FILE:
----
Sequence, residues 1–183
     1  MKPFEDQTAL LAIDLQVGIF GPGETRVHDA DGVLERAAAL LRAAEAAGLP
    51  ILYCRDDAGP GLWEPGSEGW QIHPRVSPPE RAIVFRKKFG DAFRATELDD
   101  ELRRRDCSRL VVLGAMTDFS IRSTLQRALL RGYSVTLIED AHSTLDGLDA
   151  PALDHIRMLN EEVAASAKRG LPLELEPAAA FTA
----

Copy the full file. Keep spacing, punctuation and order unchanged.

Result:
Sequence, residues 1–183
     1  MKPFEDQTAL LAIDLQVGIF GPGETRVHDA DGVLERAAAL LRAAEAAGLP
    51  ILYCRDDAGP GLWEPGSEGW QIHPRVSPPE RAIVFRKKFG DAFRATELDD
   101  ELRRRDCSRL VVLGAMTDFS IRSTLQRALL RGYSVTLIED AHSTLDGLDA
   151  PALDHIRMLN EEVAASAKRG LPLELEPAAA FTA